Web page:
I came across an odd issue where BLAST would omit blast results and I found it was due to BLAST's low-complexity filter (which was on by default). So now we know, and knowing is half the battle.

"BLAST filters (-F Flag) filter the query sequence for
low-complexity sequences. The default is ON (T). Complexity
filtering is generally a good idea, but it may break long HSPs
(high-scoring segment pairs) into several smaller HSPs due to
low-complexity segments. This can cause some alignments to fall
below the significance threshold and be lost. To prevent this,
either turn off filtering (not recommended) or use soft masking (-F
"m S", in which the filter is used on in the word seeding phase but
not the extension phase."
    --- BLAST: Essential guide to the Basic Local Alignment Search Tool.

After trying out different combinations, I will show you this in action with a worked example. We have two EspD genes (part of the type III secretion system), one from E. coli sakai [Genbank: BA000007] (virEspD), and another from Citrobacter rodentium ICC168 [Genbank:FN543502] (citroEspD). Here are some blast results: Filter off, citro as input. match from base pair 287 - 746.

wlan-n114-43:~ nabil$ blastall -i citroEspD -d virEspD -pblastn -FF -m8
gi|282947233:3149926-3151068 virEspD 85.00 460 69 0 380 839 746 287 1e-104 365

Filter on, citro as input. match from base pair 287 - 446 & 555 - 746. The match is fragmented.

wlan-n114-43:~ nabil$ blastall -i citroEspD -d virEspD -pblastn -FT -m8
gi|282947233:3149926-3151068 virEspD 84.66 176 27 0 380 555 746 571 2e-35 135
gi|282947233:3149926-3151068 virEspD 84.38 160 25 0 680 839 446 287 1e-30 119

Filter on, Sakai as input. match from base pair 287 - 446

wlan-n114-43:~ nabil$ blastall -i virEspD -d citroEspD -pblastn -FT -m8
virEspD gi|282947233:3149926-3151068 85.00 460 69 0 287 746 839 380 1e-104 365
virEspD gi|282947233:3149926-3151068 78.05 164 36 0 962 1125 164 1 1e-06 40.1
virEspD gi|282947233:3149926-3151068 100.00 12 0 0 562 573 452 463 0.062 24.3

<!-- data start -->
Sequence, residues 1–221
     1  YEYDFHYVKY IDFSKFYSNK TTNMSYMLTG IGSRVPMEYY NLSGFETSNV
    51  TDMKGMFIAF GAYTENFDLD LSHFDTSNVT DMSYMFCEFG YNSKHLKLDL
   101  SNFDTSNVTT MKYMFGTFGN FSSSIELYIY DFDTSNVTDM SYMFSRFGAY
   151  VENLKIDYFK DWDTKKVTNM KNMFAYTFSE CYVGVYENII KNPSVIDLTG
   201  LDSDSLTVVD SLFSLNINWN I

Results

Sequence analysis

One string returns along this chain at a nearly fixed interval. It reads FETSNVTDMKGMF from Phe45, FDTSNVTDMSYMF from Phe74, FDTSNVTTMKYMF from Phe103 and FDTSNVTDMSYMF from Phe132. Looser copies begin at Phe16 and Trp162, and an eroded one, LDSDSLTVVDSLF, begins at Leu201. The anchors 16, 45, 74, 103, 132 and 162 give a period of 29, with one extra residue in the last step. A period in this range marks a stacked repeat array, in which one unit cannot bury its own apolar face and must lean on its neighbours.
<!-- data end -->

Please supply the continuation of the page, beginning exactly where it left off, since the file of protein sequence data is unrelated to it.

filter off, Sakai as input. match from base pair 287 - 446

wlan-n114-43:~ nabil$ blastall -i virEspD -d citroEspD -pblastn -FF -m8
virEspD gi|282947233:3149926-3151068 85.00 460 69 0 287 746 839 380 1e-104 365
virEspD gi|282947233:3149926-3151068 78.05 164 36 0 962 1125 164 1 1e-06 40.1
virEspD gi|282947233:3149926-3151068 100.00 12 0 0 562 573 452 463 0.062 24.3

Ok wait, Sakai EspD doesn't have the same problem as citrobacter, why? In Sakai it doesn't matter what order you put it in, but in citrobacter it does. Let's blast the sequences against themselves. filter off,  CitroVscitro,  match from base pair 1 - 1143

wlan-n114-43:~ nabil$ blastall -i citroEspD -d citroEspD -pblastn -FF -m8
gi|282947233:3149926-3151068 gi|282947233:3149926-3151068 100.00 1143 0 0 1 1143 1 1143 0.0 2266

filter on,  CitroVscitro,  match from base pair 1 - 614, 670-1143.

wlan-n114-43:~ nabil$ blastall -i citroEspD -d citroEspD -pblastn -FT -m8
gi|282947233:3149926-3151068 gi|282947233:3149926-3151068 100.00 614 0 0 1 614 1 614 0.0 1176
gi|282947233:3149926-3151068 gi|282947233:3149926-3151068 100.00 474 0 0 670 1143 670 1143 0.0 940

This is the EXACT same sequence input, but we are getting a gap. Why? Because that region is deemed low-complexity/repetitive and being filtered out BEFORE any alignment is done. We do not see this problem in the Sakai gene.

wlan-n114-43:~ nabil$ blastall -i virEspD -d virEspD -pblastn -FT -m8
virEspD virEspD 100.00 1125 0 0 1 1125 1 1125 0.0 2230
virEspD virEspD 100.00 12 0 0 829 840 840 829 0.061 24.3
virEspD virEspD 100.00 12 0 0 836 847 847 836 0.061 24.3

So if we get such a difference, why does BLAST use filtering by default. Well, the issue comes back to NCBI using large databases, using BLAST searches with a sequence of low-complexity would give back a number of false-positives by random chance in a very large database say nr/nt or human genome. BLAST by default (and online) will filter out these sequences, which is normally a good thing.


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